Republicans, however, were instinctively protective of Trump and said they needed to see more information about the whistleblower complaint before making a determination.
"If there's wrongdoing, certainly we need to look at it," said Rep. Mark Meadows, R-N.C., a Trump loyalist. "But my understanding of what has taken place is, this is just a different version of Russia collusion - Russiagate 2.0."
Biden addressed the issue of his son's business dealings in Ukraine on Friday after emerging from a campaign event in Cedar Rapids, Iowa. "Wait a second," Biden said, raising his hands to silence reporters. "Not one single credible outlet has given any credibility to these assertions. Not one single one. And so I have no comment except the president should start to, uh, be president."
Biden later issued a statement calling for the release of the transcript of Trump's call with Zelensky and saying, "If these reports are true, then there is truly no bottom to President Trump's willingness to abuse his power and abase our country. This behavior is particularly abhorrent because it exploits the foreign policy of our country and undermines our national security for political purposes."
The administration has rebuffed lawmakers' demands for details about the whistleblower complaint, arguing that the communications and conduct at issue fall outside the intelligence director's jurisdiction.
But the administration's position is disputed by the intelligence community's inspector general, Michael Atkinson, who said in a Sept. 17 letter to Congress that the whistleblower's allegation not only falls within the DNI's jurisdiction "but relates to one of the most significant and important of the DNI's responsibilities to the American people."
That language appears to be a reference to the intelligence community's responsibility to defend the country's ability to protect U.S. elections from foreign interference, a role whose importance grown dramatically in the aftermath of Russia's extensive efforts to help Trump win the 2016 election.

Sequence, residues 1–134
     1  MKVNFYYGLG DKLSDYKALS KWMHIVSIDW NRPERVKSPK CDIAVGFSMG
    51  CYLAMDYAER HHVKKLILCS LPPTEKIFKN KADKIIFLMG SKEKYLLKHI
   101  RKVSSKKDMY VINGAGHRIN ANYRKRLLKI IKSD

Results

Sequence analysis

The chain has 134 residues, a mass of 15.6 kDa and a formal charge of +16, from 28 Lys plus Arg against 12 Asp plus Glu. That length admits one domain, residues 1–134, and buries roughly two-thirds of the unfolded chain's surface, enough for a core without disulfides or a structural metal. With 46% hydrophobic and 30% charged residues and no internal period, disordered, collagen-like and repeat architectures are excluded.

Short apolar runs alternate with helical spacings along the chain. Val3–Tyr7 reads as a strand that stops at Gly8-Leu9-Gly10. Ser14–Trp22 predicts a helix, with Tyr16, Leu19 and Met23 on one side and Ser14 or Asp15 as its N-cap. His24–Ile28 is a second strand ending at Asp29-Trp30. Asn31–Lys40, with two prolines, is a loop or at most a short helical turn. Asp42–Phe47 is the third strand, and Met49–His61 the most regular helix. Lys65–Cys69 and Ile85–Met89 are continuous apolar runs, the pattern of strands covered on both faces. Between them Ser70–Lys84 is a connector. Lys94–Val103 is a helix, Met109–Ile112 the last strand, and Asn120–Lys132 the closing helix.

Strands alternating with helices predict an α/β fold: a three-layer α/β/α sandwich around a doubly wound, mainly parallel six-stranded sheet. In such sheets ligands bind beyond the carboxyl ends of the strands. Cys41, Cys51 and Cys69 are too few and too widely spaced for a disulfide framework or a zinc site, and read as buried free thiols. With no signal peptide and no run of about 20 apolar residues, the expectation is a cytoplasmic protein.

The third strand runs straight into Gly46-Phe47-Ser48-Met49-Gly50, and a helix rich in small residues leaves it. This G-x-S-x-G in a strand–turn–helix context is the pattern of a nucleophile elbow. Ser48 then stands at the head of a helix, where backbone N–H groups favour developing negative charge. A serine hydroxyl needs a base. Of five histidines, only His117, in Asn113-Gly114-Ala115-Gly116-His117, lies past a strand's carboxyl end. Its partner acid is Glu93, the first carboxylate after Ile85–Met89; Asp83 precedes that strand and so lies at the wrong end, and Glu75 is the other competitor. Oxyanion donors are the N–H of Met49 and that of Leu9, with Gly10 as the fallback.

Trump has consistently refused to acknowledge Russia's interference, ignoring the consensus views of U.S. intelligence agencies and one of the core conclusions of the investigation conducted by special counsel Robert Mueller III.
Trump's alleged effort to pressure Zelensky would be all the more remarkable because of the enormous scrutiny the president faced during the first two years of his tenure related to his campaign's ties to Russia.
Some Democrats said Friday that if Trump sought to orchestrate a quid pro quo with Ukraine, that act would warrant his removal from office.
"This is all impeachable," Sen. Brian Schatz, D-Hawaii, wrote on Twitter. "Not a close call. We need more facts, but we would be derelict in our duties not to pursue the facts wherever they lead."
Trump's call with Zelensky came at a time when the administration appeared to be using aid and access as leverage in its relationship with the Ukrainian leader's fledgling government.
The United States had pledged $250 million of military and intelligence aid to Ukraine as support for a country that has sought closer ties to the West in the face of aggression and interference from Russia.
The administration withheld that aid until last week when the whistleblower issue erupted in public. Trump had also resisted meeting with Zelensky, for whom an audience with the U.S. president would send a powerful signal to Moscow. But a senior administration official said Friday that Trump would meet Zelensky next week at the United Nations General Assembly in New York.
Trump's personal lawyer Rudy Giuliani has been unusually active - meeting oversees with Ukrainian officials and working through surrogates - to push government investigators to reopen a probe of a gas company that had hired Hunter Biden to serve as a board member and adviser while his father was U.S. vice president.
In a volatile television appearance on Thursday, Giuliani initially denied that he had demanded that Ukraine dig deeper into the probe involving Biden before reversing himself and admitting he had done so.
On CNN, Giuliani also insisted that there would be nothing improper if Trump applied similar pressure to Zelensky, saying that demanding that a nation receiving U.S. aid crack down on corruption is part of the role of a U.S. president.
- - -
The Washington Post's Holly Bailey in Cedar Rapids, Iowa, and Philip Rucker, Mike DeBonis, Julie Tate and Shane Harris in Washington contributed to this report.
This article was written by Matt Zapotosky, Greg Miller, Ellen Nakashima and Carol D. Leonnig, reporters for The Washington Post.